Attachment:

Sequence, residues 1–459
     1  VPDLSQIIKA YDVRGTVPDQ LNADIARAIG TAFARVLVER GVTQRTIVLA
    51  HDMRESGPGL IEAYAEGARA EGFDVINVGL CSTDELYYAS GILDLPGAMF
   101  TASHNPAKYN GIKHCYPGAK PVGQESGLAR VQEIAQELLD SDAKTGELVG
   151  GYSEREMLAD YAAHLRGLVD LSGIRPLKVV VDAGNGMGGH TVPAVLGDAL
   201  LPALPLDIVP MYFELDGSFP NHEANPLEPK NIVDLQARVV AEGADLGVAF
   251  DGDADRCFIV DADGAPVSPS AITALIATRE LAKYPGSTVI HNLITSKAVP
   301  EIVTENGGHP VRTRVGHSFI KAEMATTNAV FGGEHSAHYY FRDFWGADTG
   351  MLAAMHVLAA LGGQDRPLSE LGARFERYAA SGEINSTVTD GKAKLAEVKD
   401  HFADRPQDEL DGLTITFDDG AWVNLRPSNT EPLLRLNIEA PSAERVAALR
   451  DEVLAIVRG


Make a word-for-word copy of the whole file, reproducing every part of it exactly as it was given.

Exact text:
Sequence, residues 1–459
     1  VPDLSQIIKA YDVRGTVPDQ LNADIARAIG TAFARVLVER GVTQRTIVLA
    51  HDMRESGPGL IEAYAEGARA EGFDVINVGL CSTDELYYAS GILDLPGAMF
   101  TASHNPAKYN GIKHCYPGAK PVGQESGLAR VQEIAQELLD SDAKTGELVG
   151  GYSEREMLAD YAAHLRGLVD LSGIRPLKVV VDAGNGMGGH TVPAVLGDAL
   201  LPALPLDIVP MYFELDGSFP NHEANPLEPK NIVDLQARVV AEGADLGVAF
   251  DGDADRCFIV DADGAPVSPS AITALIATRE LAKYPGSTVI HNLITSKAVP
   301  EIVTENGGHP VRTRVGHSFI KAEMATTNAV FGGEHSAHYY FRDFWGADTG
   351  MLAAMHVLAA LGGQDRPLSE LGARFERYAA SGEINSTVTD GKAKLAEVKD
   401  HFADRPQDEL DGLTITFDDG AWVNLRPSNT EPLLRLNIEA PSAERVAALR
   451  DEVLAIVRG